Hydroculture: Hydrogranules create optimum moisture levels around the roots of the plant by gently drawing water up from the reservoir through capillary action. We only use the highest quality RHP certified hydrogranules for horticulture made from purified and homogenised baked clay.
Soil: Moisture levels are gauged (guessed at) by looking at the plant condition, feeling the soil or using a moisture probe for spot readings around the plant.
Hydroculture: A water meter is supplied to indicate the amount of water left in the reservoir. When it reaches the minimum level simply top it back up to the optimum level. The plant will pull water from the hydrogranules according to it's needs so there is no risk of over or under watering. Watering is less frequent, typically every 4 weeks.
Soil: Watering requirements are judged by looking at the plant condition and feeling the soil. Overwatering is the most common cause of plant failure as roots rot whilst sitting in excess water that cannot drain away.
Hydroculture: The open structure of our pH neutral hydrogranules allows air to circulate around the roots keeping them healthy. Hydrogranules do not compact over time so there is no need to top up the planter. Hydroculture plants are adapted to these conditions and develop a smaller more fleshy root system making the plant more hardy and suitable for a wider range of planter styles. The requirement to repot as the plant grows is also significantly reduced.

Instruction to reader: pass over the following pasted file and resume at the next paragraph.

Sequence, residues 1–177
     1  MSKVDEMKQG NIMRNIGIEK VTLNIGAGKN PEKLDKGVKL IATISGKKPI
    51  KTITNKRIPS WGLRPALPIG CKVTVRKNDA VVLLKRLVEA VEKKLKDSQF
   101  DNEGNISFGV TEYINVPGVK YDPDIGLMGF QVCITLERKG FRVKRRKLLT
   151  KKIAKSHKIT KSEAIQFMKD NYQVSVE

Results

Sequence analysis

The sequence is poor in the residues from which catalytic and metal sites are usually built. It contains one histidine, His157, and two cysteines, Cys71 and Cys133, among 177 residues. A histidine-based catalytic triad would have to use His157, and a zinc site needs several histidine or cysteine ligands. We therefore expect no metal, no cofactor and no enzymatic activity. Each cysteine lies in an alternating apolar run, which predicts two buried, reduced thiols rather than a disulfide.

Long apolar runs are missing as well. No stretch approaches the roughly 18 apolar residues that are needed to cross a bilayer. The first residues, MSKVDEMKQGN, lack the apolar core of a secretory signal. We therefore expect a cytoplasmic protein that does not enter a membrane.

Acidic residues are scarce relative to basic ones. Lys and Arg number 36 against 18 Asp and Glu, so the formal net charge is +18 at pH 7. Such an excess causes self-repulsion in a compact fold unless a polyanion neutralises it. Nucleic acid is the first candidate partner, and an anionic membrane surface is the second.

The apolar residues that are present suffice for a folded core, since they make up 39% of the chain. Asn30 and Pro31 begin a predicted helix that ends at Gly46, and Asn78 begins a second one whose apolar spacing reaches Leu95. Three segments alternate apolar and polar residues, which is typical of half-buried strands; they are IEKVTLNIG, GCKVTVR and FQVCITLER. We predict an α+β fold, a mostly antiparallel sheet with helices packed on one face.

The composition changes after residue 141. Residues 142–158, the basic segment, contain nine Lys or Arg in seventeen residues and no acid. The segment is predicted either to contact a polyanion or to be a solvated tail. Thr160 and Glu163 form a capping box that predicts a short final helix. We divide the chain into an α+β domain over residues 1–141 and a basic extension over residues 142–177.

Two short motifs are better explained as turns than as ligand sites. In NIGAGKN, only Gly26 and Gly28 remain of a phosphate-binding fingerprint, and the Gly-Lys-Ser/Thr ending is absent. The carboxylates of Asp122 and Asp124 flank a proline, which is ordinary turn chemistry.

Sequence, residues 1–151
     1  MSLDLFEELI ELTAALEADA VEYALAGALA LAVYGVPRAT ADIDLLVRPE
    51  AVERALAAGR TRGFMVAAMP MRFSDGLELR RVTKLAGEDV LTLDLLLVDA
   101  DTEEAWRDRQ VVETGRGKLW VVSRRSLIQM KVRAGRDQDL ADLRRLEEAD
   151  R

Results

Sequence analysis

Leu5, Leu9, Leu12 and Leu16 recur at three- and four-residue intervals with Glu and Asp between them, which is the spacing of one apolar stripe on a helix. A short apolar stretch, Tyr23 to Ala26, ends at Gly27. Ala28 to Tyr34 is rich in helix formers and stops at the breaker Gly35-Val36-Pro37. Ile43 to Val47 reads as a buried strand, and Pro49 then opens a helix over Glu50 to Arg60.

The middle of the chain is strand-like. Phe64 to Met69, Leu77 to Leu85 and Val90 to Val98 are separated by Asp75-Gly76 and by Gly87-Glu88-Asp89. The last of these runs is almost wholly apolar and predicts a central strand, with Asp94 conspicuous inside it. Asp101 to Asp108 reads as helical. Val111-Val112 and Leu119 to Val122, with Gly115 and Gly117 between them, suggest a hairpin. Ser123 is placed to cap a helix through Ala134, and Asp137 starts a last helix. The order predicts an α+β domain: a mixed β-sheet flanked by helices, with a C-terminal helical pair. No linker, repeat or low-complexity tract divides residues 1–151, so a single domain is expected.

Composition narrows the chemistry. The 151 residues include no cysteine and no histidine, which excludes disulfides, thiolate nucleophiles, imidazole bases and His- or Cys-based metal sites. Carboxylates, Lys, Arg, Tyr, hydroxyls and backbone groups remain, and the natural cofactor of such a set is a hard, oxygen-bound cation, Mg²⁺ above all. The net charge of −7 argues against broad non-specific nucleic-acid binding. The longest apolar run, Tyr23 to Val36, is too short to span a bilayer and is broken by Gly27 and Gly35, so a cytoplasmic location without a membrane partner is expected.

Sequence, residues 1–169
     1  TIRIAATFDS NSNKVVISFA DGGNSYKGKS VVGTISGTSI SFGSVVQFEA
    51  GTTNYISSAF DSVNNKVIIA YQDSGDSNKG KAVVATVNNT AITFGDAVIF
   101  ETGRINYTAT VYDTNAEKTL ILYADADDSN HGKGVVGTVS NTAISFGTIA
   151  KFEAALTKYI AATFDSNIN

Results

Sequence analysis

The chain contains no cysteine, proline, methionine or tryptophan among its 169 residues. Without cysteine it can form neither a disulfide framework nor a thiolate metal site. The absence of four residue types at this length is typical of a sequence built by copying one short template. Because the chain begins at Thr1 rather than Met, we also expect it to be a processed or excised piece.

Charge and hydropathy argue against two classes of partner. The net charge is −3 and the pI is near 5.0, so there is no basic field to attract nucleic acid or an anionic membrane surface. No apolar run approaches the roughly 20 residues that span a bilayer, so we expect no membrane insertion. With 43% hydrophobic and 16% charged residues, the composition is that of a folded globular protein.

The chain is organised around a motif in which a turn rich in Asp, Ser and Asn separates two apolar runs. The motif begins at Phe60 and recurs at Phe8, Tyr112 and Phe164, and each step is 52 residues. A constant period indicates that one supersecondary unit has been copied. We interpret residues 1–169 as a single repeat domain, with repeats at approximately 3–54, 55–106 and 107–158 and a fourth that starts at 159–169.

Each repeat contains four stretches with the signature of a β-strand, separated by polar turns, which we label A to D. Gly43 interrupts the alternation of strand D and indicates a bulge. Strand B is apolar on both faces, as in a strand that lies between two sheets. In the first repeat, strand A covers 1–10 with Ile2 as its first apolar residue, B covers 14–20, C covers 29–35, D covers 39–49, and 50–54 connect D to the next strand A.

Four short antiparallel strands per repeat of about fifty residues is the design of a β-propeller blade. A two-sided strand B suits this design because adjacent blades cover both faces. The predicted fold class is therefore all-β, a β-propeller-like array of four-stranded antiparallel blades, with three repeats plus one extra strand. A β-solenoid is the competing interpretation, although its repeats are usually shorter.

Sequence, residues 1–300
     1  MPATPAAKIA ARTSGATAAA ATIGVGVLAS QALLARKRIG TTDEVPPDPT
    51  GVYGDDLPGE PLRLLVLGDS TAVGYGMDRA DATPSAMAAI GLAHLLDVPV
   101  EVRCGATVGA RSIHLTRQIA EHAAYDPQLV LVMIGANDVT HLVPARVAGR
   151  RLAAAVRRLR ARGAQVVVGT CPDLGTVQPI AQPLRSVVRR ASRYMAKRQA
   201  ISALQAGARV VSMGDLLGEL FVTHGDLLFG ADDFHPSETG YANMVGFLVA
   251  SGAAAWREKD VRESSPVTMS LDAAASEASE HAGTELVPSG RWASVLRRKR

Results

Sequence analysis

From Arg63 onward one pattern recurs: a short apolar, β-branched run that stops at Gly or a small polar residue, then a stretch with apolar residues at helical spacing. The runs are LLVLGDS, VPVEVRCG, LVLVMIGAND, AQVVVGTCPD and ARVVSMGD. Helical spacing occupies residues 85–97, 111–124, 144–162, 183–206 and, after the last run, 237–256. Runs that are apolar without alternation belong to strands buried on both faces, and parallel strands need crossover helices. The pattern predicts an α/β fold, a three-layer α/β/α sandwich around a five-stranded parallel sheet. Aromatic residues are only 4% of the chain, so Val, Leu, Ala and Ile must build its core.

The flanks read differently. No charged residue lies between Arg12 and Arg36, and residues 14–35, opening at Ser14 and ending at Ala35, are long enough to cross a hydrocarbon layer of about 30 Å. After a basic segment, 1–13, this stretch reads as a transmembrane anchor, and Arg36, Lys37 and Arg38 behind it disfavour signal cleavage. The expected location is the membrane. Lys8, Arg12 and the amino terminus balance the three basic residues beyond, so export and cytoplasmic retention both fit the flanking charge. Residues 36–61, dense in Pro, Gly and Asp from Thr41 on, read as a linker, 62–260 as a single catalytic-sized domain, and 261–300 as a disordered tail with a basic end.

Soil: Acidification of the soil and suffocation of the plant roots can occur as the soil compacts over time resulting in plant failure. Soil will need topping up in the planter as it compacts. The need for repotting or swapping out the plant will be more frequent as the roots grow or the plant fails due to poor root aeration.
Hydroculture: Hydrogranules are an inert medium that is less susceptible to pests, fungi and bacteria which means healthier plants with less risk of disease. Because hydrogranules are the carrier for water and nutrients feeding is optimised by adding a small amount of liquid feed to the water when topping up the reservoir.
Soil: Soil is a live substrate. Good quality indoor potting soils will be sterilised to reduce bacterial growth however there is greater potential for harmful organisms to populate and thrive in a soil environment and an increased risk of plant failure.